Charlotte Taylor, our program director, has clear Leadership Skillz, and came up with a great way to keep us thoughtful during those brief moments when people were at loose ends. She put a note pad up in the foyer space of the library, right next to one of the (oddly hidden) bathrooms, and put pens out. Just... a blank piece of paper, and some markers. And she wrote, "Ask some questions!" or something to that effect. And the weird thing is, people DID. Charlotte may have asked the first one, to get us started, but then other questions - and answers - and arrows appeared.
It was probably just as well that the pad of paper was on an easel. It made it harder to write super-long messages on. Maybe next time, we'll cover a table with butcher paper and let the pen-and-question crew go to town.
One of the questions was about how to support diversity within the kidlitosphere.
At first I thought the answer was obvious... to support diverse bloggers, follow them and comment, right? That's how we support ANY bloggers. But then I thought about it...and realized I was maybe more confused by the question. To wit: does diversity need to be supported within the kidlitosphere? Online? Do I need to follow diverse bloggers specifically? Is that the best or only way to find diverse content?
I'm a diverse blogger as is AF... and it's a weird thought to imagine that people are following this blog specifically because we're non-white bloggers. (Is anybody doing that? Nobody is doing that, are they?) Here's the thing:
We here at Wonderland blog books. Period. If you're coming to this blog to receive the AfAm and biracial Pakistani-American perspective on books... well, good luck with that. I don't know that I give readers the African American perspective on...anything. I give visitors to the blog the Tanita perspective, which is obnoxious and opinionated and pretty much stabby sometimes. Sarah gives the knowledgeable and amusing, slightly snarky, mostly goofy, much-quieter-than-Tanita perspective, which is all her. None of that has to do with who we are by our labels, by our "groups." Know that little thing Chimamanda Adichie said about The Danger of a Single Story? Yeah. There IS no differently-abled perspective. You already know there is no one gay or trans or bi perspective. There is no Pakistani-American or African American perspective. We don't all have one diversity "experience," and no matter how many times people go on about "the Black experience," I honestly don't know what that means.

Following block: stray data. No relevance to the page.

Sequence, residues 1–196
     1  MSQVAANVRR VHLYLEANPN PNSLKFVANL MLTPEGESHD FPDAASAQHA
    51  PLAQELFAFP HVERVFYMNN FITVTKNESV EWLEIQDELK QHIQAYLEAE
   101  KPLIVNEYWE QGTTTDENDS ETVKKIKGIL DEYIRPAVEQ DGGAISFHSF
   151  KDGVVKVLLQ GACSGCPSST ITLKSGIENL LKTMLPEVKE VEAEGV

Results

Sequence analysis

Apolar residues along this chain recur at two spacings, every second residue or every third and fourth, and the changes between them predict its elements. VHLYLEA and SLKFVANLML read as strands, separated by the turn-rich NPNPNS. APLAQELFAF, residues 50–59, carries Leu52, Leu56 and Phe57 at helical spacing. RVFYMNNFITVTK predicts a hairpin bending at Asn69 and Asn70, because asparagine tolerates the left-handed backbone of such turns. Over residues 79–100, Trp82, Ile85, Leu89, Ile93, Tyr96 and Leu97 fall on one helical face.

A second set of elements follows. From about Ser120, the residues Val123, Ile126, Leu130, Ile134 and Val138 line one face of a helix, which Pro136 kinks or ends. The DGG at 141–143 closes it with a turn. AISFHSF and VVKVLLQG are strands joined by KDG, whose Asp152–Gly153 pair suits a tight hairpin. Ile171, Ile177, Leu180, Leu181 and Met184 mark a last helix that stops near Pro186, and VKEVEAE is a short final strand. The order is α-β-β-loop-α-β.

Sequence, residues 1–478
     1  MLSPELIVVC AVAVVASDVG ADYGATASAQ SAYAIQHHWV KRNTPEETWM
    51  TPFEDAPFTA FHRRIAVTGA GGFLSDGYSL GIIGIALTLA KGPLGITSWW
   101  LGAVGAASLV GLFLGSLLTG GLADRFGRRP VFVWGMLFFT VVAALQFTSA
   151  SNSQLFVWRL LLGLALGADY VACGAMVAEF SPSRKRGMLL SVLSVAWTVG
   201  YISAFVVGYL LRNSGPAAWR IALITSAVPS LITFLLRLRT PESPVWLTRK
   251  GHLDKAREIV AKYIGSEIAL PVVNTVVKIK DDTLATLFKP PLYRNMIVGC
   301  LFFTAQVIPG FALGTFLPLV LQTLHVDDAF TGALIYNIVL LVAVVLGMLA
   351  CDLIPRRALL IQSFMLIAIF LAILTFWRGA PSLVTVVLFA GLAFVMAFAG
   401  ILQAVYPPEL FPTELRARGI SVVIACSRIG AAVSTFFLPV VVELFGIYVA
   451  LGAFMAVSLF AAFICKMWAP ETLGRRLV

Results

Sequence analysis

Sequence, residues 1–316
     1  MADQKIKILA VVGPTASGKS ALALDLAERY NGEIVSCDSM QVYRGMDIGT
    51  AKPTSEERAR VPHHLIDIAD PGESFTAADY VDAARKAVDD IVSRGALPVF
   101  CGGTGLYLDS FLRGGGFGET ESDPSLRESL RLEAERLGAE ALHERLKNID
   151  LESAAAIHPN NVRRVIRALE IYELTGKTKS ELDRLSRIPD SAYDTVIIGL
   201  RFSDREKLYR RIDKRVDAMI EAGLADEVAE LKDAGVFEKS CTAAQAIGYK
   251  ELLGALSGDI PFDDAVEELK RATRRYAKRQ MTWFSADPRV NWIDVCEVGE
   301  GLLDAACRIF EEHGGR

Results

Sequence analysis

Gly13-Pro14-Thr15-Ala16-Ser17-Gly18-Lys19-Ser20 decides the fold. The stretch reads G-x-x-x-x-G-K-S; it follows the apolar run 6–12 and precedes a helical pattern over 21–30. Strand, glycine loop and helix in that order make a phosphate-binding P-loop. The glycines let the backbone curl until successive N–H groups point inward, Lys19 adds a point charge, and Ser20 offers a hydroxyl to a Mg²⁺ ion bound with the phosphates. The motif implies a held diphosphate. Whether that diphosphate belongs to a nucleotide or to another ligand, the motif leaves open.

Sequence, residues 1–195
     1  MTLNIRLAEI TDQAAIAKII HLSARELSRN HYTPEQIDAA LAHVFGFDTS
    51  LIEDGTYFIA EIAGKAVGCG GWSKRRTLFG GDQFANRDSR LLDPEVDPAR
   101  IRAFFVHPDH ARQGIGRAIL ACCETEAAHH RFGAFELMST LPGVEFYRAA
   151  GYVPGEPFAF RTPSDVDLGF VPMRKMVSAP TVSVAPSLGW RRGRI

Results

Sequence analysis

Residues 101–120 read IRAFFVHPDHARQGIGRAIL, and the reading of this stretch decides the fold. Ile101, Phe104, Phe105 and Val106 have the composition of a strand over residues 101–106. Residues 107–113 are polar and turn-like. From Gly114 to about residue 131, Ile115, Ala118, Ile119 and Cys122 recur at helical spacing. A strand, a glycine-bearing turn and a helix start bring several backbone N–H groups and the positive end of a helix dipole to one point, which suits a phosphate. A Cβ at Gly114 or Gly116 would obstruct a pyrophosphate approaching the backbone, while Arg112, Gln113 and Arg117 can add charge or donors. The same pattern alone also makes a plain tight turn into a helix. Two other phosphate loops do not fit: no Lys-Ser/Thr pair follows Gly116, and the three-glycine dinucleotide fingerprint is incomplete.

And, the danger of a single story is not only that sometimes simplistically written books or the media portrays people with one story but that we believe -- it's that on the other side of the fence, we think we're the only ones put upon in a certain way, the only ones who understand certain things, and the only ones who feel a specific way. And pretty soon, we have lines in our heads and labels that say "Us" and "Them" and "They," and we're pulling back, just that tiny bit internally. You know what else this kind of "Us" and "Them" thing leads to? Segregation - which is just the polar opposite of the aims of true diversity. I'm not about to stay in "my" people's camp, are you? True diversity is an invitation to broaden, not an excuse to limit.
One of the things touched on briefly - really briefly - this weekend was identity struggle and imposter syndrome, how easily we feel un-genuine and how our insides don't always match our outsides, and we forget who the world perceives us to be when we speak out on various issues. It's easy to make assumptions based on stereotype and then be looked at at just some Angry Brown Person - easily dismissed because the assumption is that someone else has the shorthand explanation on our "experience." Eh, no. Let's not make that mistake here. While we have differences in where we've come from, we're all in this together - let's not assume or summarize, underestimate or dismiss.
YES, we view life through the lens of our privilege and our background, but each of us has our own set of lenses. My privilege is not yours. My myriad hang-ups are not yours. My sense of smell, love of snakes, unwieldy hair, and clunky shoe tastes are not yours - why, then, would anyone expect our "experiences" to match? If you're not coming here for the Sarah and Tanita Find Wonderland show, you're out of luck. You can see things from the perspective of A Latina person, a biracial or transsexual or single or married or blue-shoe-loving person, but there's never ever been any one tabula rasa onto which the "experience" of your or my specific group is written... and there never will be.
So, do you need to support me in the Kidlitosphere because I'm sharing something specifically here as an African American? Not to my mind. But, you tell me. What do you think?